Despite these musings, I cannot help but be impressed with the city. As a 24-year-old man from Nashville, New York is a wide, wondrous world to me, in spite of what I’ve written above. I walk outside and within ten seconds I’ve seen a full spectrum of color looking at people’s shoes alone. In the space of one block there’s a gyro truck, a pizza parlor, two coffee shops, and a few bars. Walking down the road yesterday I passed a violin shop, shells and strings littering a workbench as a man crafted stunning works of art. The very next store sold wigs of all colors and styles. On every side, I am surrounded by buildings so tall I fall over looking for the tops, while below I am grounded by the rumbling power of subways and trains moving beneath the sidewalks.

The very existence of a city like New York moves something inside of me, an itch that is only scratched by moving forward. I address this by writing, or thinking or reading books that take me outside of my comfort zone and challenge me to think differently.

Three years ago, I would never have been bothered to read a book about the great American capitalists of the late 1800’s. Now, I’m halfway through one such book and am captivated  by it. The great strides these men took towards progress, limited only by their imaginations what could be the future of mankind. It was in the minds of such men and women that New York was first built.

Above all the strife and hardship in the streets, the buildings that stand tall and proud and strong are what make the most powerful impression on me. We have such incredible potential and being in a place like this demands that I think and work harder to make my mark and push the limit of what’s possible just a little bit further. That path begins with not giving up when your plans hit a snag.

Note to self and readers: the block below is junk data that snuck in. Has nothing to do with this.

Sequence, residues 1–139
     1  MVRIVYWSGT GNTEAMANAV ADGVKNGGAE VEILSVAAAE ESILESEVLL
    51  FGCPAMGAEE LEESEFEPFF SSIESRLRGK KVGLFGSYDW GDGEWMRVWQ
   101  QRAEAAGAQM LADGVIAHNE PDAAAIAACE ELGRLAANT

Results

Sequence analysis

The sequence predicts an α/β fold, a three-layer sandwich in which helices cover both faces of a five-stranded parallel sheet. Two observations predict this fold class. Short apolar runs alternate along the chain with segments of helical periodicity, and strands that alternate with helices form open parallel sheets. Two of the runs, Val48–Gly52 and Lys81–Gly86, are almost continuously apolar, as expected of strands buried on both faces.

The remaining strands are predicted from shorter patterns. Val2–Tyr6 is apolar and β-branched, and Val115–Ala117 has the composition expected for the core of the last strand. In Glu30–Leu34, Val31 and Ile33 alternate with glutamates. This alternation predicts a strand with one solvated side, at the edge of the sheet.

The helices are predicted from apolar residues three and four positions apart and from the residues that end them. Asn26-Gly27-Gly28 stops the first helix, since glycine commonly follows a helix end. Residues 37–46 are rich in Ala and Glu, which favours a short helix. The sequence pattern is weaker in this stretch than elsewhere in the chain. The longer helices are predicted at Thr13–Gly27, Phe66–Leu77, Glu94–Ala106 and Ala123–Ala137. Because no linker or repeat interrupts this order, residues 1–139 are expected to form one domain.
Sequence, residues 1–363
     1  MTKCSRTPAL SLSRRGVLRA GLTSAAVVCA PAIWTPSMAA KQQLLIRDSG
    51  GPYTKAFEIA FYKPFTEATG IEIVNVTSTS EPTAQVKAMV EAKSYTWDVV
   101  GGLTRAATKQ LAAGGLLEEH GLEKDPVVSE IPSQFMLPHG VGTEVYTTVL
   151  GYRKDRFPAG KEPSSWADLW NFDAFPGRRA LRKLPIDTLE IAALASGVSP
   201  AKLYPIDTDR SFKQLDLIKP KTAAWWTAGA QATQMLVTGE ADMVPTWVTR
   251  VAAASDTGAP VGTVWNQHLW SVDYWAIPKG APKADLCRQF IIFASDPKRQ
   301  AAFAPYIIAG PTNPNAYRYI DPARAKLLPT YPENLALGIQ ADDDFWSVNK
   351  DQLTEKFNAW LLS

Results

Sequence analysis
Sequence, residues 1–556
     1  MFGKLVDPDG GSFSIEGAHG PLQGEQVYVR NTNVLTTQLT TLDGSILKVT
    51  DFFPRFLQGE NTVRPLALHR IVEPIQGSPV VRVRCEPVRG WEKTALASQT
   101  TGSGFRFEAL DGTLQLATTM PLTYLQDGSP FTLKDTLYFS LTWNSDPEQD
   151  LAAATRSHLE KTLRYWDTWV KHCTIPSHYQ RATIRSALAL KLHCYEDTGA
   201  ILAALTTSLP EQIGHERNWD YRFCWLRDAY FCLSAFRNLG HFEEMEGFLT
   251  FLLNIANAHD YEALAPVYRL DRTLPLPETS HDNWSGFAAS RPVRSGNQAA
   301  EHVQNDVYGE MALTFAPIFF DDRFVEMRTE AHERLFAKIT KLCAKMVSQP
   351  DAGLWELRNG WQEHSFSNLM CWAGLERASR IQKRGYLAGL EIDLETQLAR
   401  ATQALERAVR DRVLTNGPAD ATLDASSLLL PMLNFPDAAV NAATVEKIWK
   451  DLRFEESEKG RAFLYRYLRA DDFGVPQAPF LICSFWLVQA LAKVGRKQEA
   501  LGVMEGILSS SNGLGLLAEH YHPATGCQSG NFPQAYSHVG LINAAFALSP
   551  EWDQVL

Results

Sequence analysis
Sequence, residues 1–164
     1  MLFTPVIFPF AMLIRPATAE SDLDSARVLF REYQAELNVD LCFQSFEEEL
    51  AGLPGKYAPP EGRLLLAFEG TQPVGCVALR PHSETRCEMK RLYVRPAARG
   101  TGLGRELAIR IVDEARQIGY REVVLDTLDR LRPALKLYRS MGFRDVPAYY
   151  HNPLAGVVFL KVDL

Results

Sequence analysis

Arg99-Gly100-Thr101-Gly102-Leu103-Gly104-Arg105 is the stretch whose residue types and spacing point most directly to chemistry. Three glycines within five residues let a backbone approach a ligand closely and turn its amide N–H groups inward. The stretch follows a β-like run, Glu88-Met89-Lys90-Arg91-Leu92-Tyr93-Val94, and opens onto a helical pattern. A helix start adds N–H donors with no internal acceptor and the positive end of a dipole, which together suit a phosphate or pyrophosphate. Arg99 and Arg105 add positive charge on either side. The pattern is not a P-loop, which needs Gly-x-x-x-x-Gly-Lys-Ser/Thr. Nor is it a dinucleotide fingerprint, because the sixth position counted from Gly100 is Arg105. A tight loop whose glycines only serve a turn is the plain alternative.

After the failure at Rockefeller Plaza, my family and I walked down the street to Bryant Park, where an ice rink of comparable size lay in the brilliant blue glory of a well-lit Christmas tree. We managed to get in without much trouble, and one of my three stereotypes was checked off the list. Skating with Mom (Dad documented the event with the camera from the sidelines in comfort) was everything I wanted, and served as a further reminder of what is great about this city: in the midst of this hustle and bustle, bright lights and honking horns, shuffling masses and maniac bicyclists, there is still room for a guy to dance with his mother (albeit it clumsily on slick ice in skates fit for a podiatric torture chamber).

Merry Christmas to all, and to all a good night.

~John (Ken) McEwen, 12:51am, Christmas Eve in New York City

4 Responses to “The Past and Present (Christmas) of New York”
  1. Bob says:

    This is wonderful, Ken! One of your very best. Really gives readers much more than a glimpse into New York at Christmastime, through a prism that illuminates much more than just the city.

  2. Karen says:

    As I finish reading this beautiful blog, the tears run down my cheeks; dancing with you on the ice will always live in my mind as a highlight of my life. I sit here looking out the window on a crystal clear Christmas eve morning, looking way into New Jersey and back into our tiny apartment where you still sleep and dad sips his morning coffee. I am so blessed that God gave me you, your laughter, your love, your wit, your sensitivity, your clear thinking, your fresh outlook, your balance, your love of family, your knowing, your caring, your knowledge, your love of learning, your way of seeing life in proper balance. I am proud, humbled and always grateful to have you in my life. Thank you for sharing this beautiful glimpse into the soul of an amazing man. Merry Christmas, my son! Love always and forever, Mom xoxoxox

  3. Jax says:

    Ken, you are amazing. Merry Christmas and I miss you!

  4. daevski says:

    Now this is excellent writing. From “indulge me in this metaphor…,” all the way up through the end I actually found myself in awe of your writing style.

    Reaching a big smile during the crayon metaphor, I started to compare you to a couple (published) writers that had a way of capturing my mind and pushing it through to sensation and it really started to make the read quite enjoyable.

    At “Suddenly, everyone is … an author (hey now…),” I gave a geuine laugh and started to realize the fun I was having.

    This is one of your best articles and deserves a re-visit if you ever wonder what it is to bring a reader along with you!